May 7, 1999
Today's buzz stories:
NEW YORK (CNN) -- If reports are true, Monica Lewinsky must have a good sense of humor. Though NBC was keeping mum about it, the former White House intern who had sexual relations with President Clinton might appear on the network's "Saturday Night Live." The comedy show previously has used the Lewinsky scandal in several skits featuring "SNL" cast member Molly Shannon as Lewinsky.
"This is a live show. The only thing I know for sure is that Cuba Gooding Jr. is the host and Ricky Martin is the musical guest," an NBC spokesman, Marc Liepis, said Friday.
During a skit rehearsal this week, Lewinsky was said to make jokes about dating and phone sex with President William Howard Taft, according to the New York Daily News. Taft was president from 1909-1913.
NASHVILLE, Tennessee (CNN) -- Tammy Wynette's manager-husband is off the hook in a lawsuit alleging drug addiction caused the country music star's death last year. Three of Wynette's four daughters filed the suit, but agreed Thursday to drop George Richey as a defendant.
"My six-month nightmare has ended," said Richey, Wynette's husband when she died April 6, 1998 at the age of 55. "Today's dismissal of the lawsuit against me is recognition that I provided loving support for Tammy and was not responsible in any fashion for her death."
The lawsuit will continue against Wynette's private physician, whom the daughters accuse of malpractice in treating Wynette with large amounts of narcotics. In the agreement dropping him from the suit, Richey relinquished his right to one-third of any money the daughters receive if they win their case, and gave up his right to sue the daughters for libel.
The original suit alleged that Richey ignored advice to take Wynette to a hospital when she became ill, and contributed to her addiction.
NEW YORK (CNN) -- Scott Wolf is headed to Broadway. The star of TV's "Party of Five" and the recent film release "Go," Wolf will join the jazz-themed play "Side Man" shortly after current lead Christian Slater departs following the Tony Awards on June 6, according to Variety.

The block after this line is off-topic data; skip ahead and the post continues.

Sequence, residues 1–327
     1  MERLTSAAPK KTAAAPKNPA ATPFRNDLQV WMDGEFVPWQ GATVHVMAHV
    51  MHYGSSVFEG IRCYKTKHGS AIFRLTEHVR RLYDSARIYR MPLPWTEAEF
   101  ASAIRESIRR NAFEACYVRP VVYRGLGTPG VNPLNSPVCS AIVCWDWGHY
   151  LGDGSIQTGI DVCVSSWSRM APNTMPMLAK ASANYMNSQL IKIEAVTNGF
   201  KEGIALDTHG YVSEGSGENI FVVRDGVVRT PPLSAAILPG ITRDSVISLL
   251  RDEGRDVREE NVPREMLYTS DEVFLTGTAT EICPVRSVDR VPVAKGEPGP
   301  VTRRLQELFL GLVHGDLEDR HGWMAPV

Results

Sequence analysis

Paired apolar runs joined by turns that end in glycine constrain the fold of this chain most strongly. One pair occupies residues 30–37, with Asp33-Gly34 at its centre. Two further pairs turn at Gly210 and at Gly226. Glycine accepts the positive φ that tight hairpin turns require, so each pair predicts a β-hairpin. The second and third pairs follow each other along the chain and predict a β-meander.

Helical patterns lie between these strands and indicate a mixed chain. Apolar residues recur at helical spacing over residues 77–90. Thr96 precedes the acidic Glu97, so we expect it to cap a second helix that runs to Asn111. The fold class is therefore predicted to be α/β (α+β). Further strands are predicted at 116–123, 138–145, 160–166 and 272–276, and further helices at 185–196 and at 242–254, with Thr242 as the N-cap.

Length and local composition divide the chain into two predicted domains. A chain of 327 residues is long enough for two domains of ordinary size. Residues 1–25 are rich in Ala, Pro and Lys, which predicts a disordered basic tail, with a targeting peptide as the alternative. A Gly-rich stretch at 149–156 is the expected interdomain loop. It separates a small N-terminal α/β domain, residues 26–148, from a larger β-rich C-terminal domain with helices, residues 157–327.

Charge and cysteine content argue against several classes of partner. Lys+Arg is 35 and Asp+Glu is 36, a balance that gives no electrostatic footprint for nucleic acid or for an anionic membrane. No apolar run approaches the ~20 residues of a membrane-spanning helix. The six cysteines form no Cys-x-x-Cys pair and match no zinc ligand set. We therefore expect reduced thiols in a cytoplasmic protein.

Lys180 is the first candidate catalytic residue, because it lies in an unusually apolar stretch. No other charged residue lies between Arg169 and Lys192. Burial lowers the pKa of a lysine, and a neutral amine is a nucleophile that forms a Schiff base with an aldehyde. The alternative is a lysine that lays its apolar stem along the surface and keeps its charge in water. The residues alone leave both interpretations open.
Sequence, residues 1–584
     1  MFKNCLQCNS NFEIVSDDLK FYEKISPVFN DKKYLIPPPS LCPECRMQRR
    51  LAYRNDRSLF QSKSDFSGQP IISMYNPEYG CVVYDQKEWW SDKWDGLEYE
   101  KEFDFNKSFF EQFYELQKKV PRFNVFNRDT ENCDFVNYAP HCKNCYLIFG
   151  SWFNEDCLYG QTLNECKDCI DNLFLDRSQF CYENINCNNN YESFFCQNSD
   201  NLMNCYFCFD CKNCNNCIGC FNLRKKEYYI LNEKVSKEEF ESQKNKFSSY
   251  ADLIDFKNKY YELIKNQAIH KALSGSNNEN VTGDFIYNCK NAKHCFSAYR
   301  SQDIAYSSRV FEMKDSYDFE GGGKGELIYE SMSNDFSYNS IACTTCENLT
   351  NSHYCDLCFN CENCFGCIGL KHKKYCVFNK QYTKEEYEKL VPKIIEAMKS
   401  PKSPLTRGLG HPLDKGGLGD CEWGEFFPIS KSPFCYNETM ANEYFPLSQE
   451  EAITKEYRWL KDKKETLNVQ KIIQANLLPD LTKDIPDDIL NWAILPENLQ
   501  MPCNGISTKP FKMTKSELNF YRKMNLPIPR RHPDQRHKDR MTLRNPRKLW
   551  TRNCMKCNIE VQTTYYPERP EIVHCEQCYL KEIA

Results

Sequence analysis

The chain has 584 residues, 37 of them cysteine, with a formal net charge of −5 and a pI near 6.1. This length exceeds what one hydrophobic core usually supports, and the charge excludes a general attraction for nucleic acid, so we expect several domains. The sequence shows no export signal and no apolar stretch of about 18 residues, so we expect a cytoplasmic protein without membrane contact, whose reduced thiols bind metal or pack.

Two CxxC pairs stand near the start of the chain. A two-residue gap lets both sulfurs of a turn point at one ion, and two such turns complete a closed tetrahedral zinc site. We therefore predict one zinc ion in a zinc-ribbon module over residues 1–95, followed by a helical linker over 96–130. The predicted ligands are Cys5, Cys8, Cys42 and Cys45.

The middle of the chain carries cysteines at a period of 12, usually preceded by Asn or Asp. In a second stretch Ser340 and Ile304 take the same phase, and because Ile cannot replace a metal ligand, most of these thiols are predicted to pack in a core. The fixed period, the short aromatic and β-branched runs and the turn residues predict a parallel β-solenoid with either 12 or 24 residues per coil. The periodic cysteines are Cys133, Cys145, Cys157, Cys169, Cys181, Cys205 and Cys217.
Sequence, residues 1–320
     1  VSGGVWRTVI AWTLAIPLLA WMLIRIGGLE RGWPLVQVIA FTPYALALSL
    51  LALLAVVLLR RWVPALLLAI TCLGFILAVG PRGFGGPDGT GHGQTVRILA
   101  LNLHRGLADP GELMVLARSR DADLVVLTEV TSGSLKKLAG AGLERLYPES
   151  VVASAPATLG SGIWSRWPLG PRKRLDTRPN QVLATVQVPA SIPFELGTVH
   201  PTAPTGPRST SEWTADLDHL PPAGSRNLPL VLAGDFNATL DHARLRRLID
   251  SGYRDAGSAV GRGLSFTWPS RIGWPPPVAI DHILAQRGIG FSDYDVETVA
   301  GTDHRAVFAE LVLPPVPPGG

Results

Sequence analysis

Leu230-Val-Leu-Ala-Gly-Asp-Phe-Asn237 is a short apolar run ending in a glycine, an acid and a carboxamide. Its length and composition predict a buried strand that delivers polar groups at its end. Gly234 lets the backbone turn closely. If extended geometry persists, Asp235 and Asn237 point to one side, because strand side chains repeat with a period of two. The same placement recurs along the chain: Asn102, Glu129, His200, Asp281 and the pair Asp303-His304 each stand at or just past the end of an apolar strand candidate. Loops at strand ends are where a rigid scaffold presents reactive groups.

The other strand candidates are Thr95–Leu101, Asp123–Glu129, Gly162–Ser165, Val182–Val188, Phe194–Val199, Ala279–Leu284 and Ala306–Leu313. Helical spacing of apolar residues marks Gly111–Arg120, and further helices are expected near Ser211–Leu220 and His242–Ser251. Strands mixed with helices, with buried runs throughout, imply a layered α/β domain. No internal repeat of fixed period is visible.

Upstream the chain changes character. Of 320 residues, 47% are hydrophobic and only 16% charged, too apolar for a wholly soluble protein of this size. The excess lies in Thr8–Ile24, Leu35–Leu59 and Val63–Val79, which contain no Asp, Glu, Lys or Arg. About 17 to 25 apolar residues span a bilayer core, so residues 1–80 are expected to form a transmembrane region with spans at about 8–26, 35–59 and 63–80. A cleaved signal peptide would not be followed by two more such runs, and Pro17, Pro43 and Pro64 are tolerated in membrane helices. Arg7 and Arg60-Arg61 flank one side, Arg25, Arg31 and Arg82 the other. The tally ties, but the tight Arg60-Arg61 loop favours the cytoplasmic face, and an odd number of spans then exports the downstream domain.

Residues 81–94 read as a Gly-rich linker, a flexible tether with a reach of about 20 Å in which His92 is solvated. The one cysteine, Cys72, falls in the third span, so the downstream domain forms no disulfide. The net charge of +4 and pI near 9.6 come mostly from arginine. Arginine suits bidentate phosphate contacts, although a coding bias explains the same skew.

"Side Man," currently up for a Tony as best play, centers on the emotionally corrosive effect that a jazz sideman's lifestyle has on his marriage and on his relationship with his son.
Despite positive reviews, "Side Man" has suffered poor attendance, with runs both Off Broadway last season and at the Roundabout Theater Co. this season.
HOLLYWOOD (CNN) -- The Eagles will soar into the new millennium. The rock band that reached its peak in the 1970s and '80s is set to play at the new Staples Center in downtown Los Angeles on New Year's Eve 1999.
Tickets for the triple-billed show, which also boasts Jackson Browne and Linda Ronstadt, will go on sale May 16 and range in cost from $50 to $1,000 a seat. It is the first announced concert for the arena. The $350 million downtown center is set to open in October and will be the linchpin in Los Angeles' efforts to revitalize the downtown area adjacent to the Convention Center.
The Eagles are being paid a guaranteed sum for the concert, and will also get a percentage of the ticket sales for the 22,000-seat arena, for a likely multimillion-dollar windfall. The deal also earmarks a portion of the proceeds for L.A's Best: After School Enrichment Program.
The Eagles last played in the United States in 1995. They're known for such hits as "Hotel California," "Long Run" and "Take It Easy."
Reuters contributed to this report.
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